Cabin is building a network city for online creators. Today, this looks like a global coliving network for thoughtful people to create, colive, and conserve. With Neighborhood Zero thriving just outside of Austin, Texas, and many more to come. Although not explicitly related to their vision, Cabin has often been seen as an early manifestation of Balaji’s “Network State.”
FWB is also leaning into this vision of a “decentralized city,” moreso focused on being a cultural hub where “web3 is shaped.” The community is certainly one of the OGs, and has continued to pave the way for new and interesting experiments for other tokenized communities, including brand partnerships, IRL events, grants programs, and more.
Finally, it’s becoming increasingly clear that tokenized communities are the future of media. From decentralized media experiments like Rehash, collaborative media tools like Forefront’s Pulse, and new funding opportunities coming from the rich network of tokenized communities that are popping up every day, there is no doubt that media economics will fundamentally change not just due to their digital nature, but their networked nature as well.
Even long-form video production is seeing its world disrupted by DAOs: Shibuya, a project launched by Pplpleasr, crowdfunds production of long-form visual content – such as short films, movies or television series – by selling non-fungible tokens (NFT) called “producer passes,” disrupting the traditional studio-driven methods that now dominate the industry.
ERC-20, NFTs, and Dual-Token Models
Many called 2022 the year that the ERC20 died. With ERC1155s being used for “editions,” and 721s being used for 1/1 tokens, ERC20s seemed like an unsuccessful experiment. DAOs were supposedly sitting on massive treasuries, but when 90%+ of those treasuries were their own native governance token, widespread concern was understandable.
Many folks also pointed to the securities concerns, the complexity of managing liquidity pools, and the lack of revenue generated from a token airdrop that made ERC20s an unsustainable economic tool.
However, some communities new and old opted for keeping their ERC20s using a dual-token model.
Paradigm made major strides toward an effective dual-token model with the launch of GOO (gradual ownership optimization) for their Art Gobblers project: the more Goo a Gobbler has, the faster it generates more Goo. This means the total Goo supply will increase faster and faster every day, going from thousands to millions and beyond.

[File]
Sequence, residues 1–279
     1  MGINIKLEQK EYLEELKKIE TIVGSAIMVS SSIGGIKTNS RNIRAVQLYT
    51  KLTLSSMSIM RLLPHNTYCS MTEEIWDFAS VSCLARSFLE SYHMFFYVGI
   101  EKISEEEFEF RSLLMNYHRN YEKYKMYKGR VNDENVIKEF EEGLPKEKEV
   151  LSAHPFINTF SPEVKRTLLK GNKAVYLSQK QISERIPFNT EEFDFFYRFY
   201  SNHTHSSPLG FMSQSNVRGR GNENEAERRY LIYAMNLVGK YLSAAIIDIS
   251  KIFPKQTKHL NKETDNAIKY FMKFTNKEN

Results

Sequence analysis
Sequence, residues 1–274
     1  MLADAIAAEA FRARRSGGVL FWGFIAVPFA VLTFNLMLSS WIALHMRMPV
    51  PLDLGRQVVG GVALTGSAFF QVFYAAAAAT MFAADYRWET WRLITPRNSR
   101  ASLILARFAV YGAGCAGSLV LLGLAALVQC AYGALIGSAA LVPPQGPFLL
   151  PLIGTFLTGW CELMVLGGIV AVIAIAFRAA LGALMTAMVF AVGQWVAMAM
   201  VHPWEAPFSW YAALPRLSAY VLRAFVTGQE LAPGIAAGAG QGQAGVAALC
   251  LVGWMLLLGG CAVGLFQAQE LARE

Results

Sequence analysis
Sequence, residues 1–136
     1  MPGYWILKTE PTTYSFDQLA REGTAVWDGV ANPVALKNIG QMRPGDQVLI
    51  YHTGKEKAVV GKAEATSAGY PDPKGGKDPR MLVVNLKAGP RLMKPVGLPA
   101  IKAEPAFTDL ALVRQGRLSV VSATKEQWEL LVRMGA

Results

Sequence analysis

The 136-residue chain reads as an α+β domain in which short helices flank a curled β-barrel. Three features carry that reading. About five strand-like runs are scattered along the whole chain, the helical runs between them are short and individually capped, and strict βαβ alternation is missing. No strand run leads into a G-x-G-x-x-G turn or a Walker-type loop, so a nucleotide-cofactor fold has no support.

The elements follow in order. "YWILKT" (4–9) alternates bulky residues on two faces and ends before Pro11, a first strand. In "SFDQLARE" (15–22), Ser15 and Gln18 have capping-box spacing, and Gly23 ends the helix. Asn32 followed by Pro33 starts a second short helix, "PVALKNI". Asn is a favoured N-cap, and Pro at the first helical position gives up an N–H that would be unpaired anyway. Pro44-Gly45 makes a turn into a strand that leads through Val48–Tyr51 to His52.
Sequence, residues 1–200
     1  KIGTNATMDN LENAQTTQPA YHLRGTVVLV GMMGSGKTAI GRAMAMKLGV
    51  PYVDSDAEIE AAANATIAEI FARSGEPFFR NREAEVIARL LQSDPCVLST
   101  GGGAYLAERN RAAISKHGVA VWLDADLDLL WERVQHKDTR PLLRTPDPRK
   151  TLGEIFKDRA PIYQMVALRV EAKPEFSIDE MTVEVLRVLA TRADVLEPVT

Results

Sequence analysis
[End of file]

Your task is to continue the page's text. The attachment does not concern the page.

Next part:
Communities like rugDAO have also made use of a similar token distribution model, where the longer you hold the NFT, the more ERC20 tokens you receive.
In general, much of the failure of the ERC20 thus far stems from two problems: lack of revenue and lack of distribution. First, if there is no meaningful treasury to govern, ERC20s are useless. NFTs have an advantage not because they are inherently better governance tokens, but because purchasing an NFT generally means money is going to the treasury, and thus there is something to govern. Second, NFT distribution models have generally been more equitable, whereas ERC20 distribution looks very similar to traditional startup equity distribution in many communities.
These two problems are widespread, but aren’t inherent to the token standard. Given the need for exploration in community reputation, tipping, ownership distribution, engagement, and more, we expect to see ERC20s make a comeback in 2023 and beyond.
Communities of Cultural Production
If you look close enough, you might argue that 2022 was the year of the metalabel, and you wouldn’t be wrong.
A metalabel is a release club where groups of people who share the same interests collaborate to drop and support work together. A metalabel is a lightweight structure that creates economic, emotional, and creative alignment between collaborators. A metalabel could be a tokenized community, and many are.
Metalabel, the company by the same name that coined the term, is building tools and models to help promote the development and production of metalabels worldwide. In many ways, though, the hard work was giving words to define a type of community that already existed.
Songcamp, for example, is an artists’ collective launched in March 2021 that took the year by storm in 2022 with Camp CHAOS. The “headless band” of over 80 musicians, producers, designers, and operatives came together to create over 40 songs, generating over half a million dollars in NFT sales, which were split amongst the bands’ participants.
Songcamp wasn’t the only music community to take advantage of web3 tools. 2022 saw the dawn of music collector communities, decentralized record labels, nounish music DAOs, and much more. In many ways, music is one craft that is embracing web3 in its entirety and experimenting with no limits.
"The Maturation" of DAO Tools
Token-powered Knowledge and Ops
Recruiting and Networking
Onchain Permissions and Legibility
Curation with contributions from K4iron
DAOs are not corporations: where decentralization in autonomous organizations matters
What to Watch in 2023
Online -> Onchain Communities
New brand, same tech
DAO <> Brand Partnerships
2022 was truly a hell of a year, and 2023 is already off to an even hotter start.